The Awakening Orchestra, "Interlude -- Atticus Live!-The Music of Jesse Lewis" (Biophilia)
I love this record.
We're living in a magnificent age for jazz orchestras, especially in Europe. And while we're at it, let's hear it for Brooklyn. What's happening in jazz there is routinely spectacular as this live concert recording by a 20-piece orchestra attests.
The background is this: the Awakening Orchestra of leader/composer Kyle Saulniers previously recorded a disc called " This Is Not the Answer: Vol.1." Before a record comes out as no. 2 in that series, leader/composer Saulniers decided to record a whole interlude disc with his orchestra devoted to the music of composer/guitarist Jesse Lewis that Lewis had previously recorded on a disc called "Atticus." This then is clearly a heartening event of like-minded musicians giving each other ideas and bringing their own gifts to each other's work.
Guitarist Lewis is a post-rock jazz guitarist who has played by Chris Potter, Jon Irabagon, Mark Turner and David Binney. Some of Lewis' titles give you a sense of his witty frame of reference -- "The Robert Frost Experiment," "The Pasture (You Come Too)" and "The Adventures of Dirt McGilliduddy." He is a truly lovely melodist. These are live performances of fascinating works, sumptuously orchestrated by Saulniers that take jazz orchestral music into new frontiers in the tradition of Gil Evans, Bob Brookmeyer and Maria Schneider.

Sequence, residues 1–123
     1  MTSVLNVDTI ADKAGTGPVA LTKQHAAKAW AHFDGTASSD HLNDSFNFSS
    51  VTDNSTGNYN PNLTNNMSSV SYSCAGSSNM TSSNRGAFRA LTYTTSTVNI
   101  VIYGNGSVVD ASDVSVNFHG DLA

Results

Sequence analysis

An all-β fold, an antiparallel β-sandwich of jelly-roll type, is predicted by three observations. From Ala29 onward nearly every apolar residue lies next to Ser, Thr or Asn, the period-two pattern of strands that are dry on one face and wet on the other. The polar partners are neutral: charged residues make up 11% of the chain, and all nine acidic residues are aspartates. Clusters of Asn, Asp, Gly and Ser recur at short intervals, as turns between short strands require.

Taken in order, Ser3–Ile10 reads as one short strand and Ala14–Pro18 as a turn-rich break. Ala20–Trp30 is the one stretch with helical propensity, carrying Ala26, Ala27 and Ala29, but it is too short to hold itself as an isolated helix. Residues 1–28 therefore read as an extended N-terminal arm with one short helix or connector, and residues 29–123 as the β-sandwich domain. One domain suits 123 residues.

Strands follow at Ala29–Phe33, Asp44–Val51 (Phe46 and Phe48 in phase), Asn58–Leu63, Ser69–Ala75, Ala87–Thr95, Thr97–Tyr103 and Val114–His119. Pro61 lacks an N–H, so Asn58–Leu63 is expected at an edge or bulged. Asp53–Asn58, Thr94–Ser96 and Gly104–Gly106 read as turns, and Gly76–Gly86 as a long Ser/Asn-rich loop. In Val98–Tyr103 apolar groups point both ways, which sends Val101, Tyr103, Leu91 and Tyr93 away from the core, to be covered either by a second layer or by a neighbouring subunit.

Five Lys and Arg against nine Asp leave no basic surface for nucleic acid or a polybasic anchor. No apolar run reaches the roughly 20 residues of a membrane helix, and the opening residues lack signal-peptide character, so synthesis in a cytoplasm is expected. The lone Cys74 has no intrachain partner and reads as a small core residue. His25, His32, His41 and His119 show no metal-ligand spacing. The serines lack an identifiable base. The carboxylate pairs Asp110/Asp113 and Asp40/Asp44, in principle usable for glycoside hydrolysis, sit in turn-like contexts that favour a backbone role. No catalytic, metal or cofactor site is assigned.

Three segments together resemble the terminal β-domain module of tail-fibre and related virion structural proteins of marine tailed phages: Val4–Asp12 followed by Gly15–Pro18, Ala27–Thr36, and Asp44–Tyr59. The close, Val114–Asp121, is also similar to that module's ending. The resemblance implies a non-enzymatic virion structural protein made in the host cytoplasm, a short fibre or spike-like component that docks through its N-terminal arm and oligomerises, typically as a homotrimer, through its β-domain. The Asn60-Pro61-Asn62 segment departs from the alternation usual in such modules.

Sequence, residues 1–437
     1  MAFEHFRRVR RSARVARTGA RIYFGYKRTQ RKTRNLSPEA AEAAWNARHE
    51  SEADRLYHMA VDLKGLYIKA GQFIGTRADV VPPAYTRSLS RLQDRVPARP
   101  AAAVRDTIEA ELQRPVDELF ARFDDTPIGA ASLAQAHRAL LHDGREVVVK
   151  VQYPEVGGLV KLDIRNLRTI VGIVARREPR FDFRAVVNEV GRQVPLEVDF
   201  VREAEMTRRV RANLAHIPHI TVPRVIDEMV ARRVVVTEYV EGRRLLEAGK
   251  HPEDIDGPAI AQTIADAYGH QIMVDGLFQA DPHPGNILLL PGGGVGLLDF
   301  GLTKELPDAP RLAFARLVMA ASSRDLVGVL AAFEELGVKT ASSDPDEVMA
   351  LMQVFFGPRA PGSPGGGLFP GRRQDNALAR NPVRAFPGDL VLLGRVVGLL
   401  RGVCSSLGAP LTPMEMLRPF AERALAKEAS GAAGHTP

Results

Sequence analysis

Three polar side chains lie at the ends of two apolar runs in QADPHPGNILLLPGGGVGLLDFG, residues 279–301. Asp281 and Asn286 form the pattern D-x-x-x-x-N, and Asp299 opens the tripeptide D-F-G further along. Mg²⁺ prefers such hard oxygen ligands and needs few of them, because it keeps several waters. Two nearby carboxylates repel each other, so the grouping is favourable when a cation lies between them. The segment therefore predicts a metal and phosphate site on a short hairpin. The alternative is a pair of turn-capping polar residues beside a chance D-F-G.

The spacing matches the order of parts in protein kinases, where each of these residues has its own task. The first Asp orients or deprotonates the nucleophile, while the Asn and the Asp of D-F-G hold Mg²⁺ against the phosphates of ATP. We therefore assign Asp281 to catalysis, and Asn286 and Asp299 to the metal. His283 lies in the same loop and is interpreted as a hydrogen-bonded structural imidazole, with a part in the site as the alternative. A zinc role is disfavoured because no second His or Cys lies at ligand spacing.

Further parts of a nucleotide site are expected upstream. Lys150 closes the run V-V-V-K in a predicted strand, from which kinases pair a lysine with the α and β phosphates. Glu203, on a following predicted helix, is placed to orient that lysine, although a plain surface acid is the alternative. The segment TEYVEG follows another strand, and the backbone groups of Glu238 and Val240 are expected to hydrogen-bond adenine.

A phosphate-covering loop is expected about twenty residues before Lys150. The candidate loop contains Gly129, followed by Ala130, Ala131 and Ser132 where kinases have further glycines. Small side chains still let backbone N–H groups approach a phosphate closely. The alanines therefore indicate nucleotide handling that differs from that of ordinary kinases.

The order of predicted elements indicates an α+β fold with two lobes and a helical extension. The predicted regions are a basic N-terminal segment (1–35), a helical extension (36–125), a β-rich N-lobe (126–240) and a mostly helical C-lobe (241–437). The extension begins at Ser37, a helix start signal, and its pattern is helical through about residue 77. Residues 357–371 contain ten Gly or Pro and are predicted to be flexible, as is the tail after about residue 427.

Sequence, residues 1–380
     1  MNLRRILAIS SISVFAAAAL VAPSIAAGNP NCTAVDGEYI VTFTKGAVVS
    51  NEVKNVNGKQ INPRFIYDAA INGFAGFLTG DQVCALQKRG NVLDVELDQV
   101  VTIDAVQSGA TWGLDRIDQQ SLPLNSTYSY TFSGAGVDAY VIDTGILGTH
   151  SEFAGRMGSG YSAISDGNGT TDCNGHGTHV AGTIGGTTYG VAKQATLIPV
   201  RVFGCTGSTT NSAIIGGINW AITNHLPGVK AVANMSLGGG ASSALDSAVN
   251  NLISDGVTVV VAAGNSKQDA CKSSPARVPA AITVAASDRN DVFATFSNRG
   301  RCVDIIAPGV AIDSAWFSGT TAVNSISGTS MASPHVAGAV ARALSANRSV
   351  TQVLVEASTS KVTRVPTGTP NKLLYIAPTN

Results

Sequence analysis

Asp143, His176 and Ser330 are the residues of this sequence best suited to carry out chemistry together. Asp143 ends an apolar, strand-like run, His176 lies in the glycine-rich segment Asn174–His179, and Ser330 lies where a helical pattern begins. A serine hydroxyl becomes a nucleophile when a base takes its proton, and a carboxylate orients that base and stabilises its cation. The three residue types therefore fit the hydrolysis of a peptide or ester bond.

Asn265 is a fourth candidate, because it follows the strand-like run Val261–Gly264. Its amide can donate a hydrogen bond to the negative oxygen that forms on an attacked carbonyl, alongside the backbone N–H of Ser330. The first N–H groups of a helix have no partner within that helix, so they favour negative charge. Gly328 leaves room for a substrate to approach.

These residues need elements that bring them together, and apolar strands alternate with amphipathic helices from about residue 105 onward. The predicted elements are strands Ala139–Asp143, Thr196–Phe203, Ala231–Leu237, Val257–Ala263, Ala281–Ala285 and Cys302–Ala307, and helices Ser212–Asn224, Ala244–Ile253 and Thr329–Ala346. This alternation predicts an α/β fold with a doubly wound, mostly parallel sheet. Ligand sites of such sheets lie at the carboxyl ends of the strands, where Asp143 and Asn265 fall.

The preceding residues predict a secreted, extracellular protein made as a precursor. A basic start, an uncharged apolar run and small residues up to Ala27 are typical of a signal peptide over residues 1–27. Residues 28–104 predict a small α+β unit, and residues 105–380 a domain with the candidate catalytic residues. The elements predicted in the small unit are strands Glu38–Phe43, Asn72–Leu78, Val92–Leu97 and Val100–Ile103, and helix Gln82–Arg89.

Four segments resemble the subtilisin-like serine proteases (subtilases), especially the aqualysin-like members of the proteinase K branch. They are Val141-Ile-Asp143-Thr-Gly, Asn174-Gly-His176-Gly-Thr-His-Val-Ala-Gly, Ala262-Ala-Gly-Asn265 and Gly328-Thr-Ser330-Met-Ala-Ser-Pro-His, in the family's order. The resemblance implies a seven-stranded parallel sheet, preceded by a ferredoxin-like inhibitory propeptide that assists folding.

4 stars (out of four)
The Three Sounds, "Groovin' Hard: Live at the Penthouse 1964-1968" (Resonance)
The Three Sounds were never really The Three Sounds. They were pianist Gene Harris and solid, workmanlike rhythm sections, especially featuring bassist Andy Simpkins. Three drummers are heard on these mid-'60's recordings made during live appearances -- original drumnmer Bill Dowdy, then Kalil Madi and Carl Burnett. Some of the best bass playing I've ever heard from Andy Simpkins can be heard on their version of Neil Hefti's terrific theme song for Virginia Graham's theme song for her show "Girl Talk."
It is, paradoxically, one of the great jazz compositions of its time. It is far too seldom recorded and, in truth, Harris' version here isn't a patch on Ray Bryant's. Some of this is the sort of mediocre stuff that gave the group its reputation at the time. On the other hand, there is also, in much of it, the consummate authority of a first-rate jazz club entertainer ("Blue Genes.). It was the age of the great jazz blues/gospel pianist -- Ray Bryant, Ramsey Lewis, Les McCann and Harris. Harris, at his best, was infectious as they come. All of these Resonance vintage recordings are vintage wonders when it comes to disc notes and presentation.
3 1/2 stars (out of four)